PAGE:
With a $250,000 grant from the Aetna Foundation, Jersey Cares, a nonprofit organization committed to creating impactful projects that address critical community-identified needs, launched the Health in the Community Initiative at Sussex Avenue Renew School in Newark, New Jersey. This innovative experiential learning program encourages a culture of health in schools by providing nutrition and fitness education for kindergarten through fifth-grade students.

The Health in the Community Initiative will directly impact students across three Essex County elementary schools with extended benefits to families and peers. Key aspects of the program include the building of greenhouses and gardens at each school, providing onsite gardening programs to instruct the students on the importance of healthy eating, as well as creating enhanced outdoor spaces to encourage active play as classroom and activity-based fitness workshops are provided.

“Health in the Community is a ground-up program that will be evolved through the participation of parents, guardians, teachers, and school leaders, built with the incredibly generous support of the Aetna Foundation and powered by the intention to give children a real, sustainable likelihood of a healthy and brighter future,” said Brian Dean, President and CEO of Jersey Cares. “This initiative is a compelling opportunity to demonstrate what all of us can accomplish by working together as individuals and as organizations.”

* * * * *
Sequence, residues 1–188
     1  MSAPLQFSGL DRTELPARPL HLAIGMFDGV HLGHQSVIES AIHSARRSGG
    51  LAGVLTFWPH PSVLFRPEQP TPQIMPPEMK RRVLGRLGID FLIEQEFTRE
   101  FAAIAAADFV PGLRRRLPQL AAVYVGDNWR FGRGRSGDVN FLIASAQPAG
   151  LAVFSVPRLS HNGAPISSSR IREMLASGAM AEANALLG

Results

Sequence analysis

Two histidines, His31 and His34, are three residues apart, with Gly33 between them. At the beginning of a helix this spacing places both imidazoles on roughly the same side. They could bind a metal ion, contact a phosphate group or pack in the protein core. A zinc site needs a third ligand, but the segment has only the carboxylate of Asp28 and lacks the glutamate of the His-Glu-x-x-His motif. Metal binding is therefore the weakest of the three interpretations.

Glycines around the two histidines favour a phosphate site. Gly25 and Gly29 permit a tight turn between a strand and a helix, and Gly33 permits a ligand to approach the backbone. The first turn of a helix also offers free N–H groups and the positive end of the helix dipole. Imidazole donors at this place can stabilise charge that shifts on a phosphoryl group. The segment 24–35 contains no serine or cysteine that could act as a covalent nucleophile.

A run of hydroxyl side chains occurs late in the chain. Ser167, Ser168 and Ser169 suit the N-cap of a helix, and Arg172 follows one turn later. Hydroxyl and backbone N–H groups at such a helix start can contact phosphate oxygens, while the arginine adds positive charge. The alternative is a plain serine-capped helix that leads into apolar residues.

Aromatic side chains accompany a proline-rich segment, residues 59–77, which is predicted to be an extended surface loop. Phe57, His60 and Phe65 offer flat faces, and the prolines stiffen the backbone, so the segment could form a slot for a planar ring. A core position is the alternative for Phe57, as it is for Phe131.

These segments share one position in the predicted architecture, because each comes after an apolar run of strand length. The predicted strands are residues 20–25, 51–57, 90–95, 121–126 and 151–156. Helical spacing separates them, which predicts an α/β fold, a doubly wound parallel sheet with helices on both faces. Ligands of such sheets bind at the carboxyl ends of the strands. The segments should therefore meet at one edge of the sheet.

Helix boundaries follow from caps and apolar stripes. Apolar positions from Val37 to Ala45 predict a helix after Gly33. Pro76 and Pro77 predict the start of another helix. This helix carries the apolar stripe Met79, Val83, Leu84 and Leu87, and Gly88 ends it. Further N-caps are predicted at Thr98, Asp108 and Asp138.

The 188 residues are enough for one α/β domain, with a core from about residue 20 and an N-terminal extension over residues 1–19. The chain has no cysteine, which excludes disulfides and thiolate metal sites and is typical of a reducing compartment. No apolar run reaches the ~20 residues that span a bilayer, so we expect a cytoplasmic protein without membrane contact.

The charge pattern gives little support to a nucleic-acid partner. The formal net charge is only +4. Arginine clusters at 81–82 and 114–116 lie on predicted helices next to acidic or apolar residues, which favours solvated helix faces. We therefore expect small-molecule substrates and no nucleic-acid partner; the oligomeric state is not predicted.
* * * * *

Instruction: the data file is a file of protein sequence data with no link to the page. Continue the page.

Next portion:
The Aetna Foundation, a philanthropic arm of CVS Health, presented the check to Jersey Cares and kicked off the initiative by having more than 30 Aetna and CVS employees volunteer alongside Sussex Avenue students in activities that included raised garden bed assembly, a fit and fun exercise workshop, and school library organization.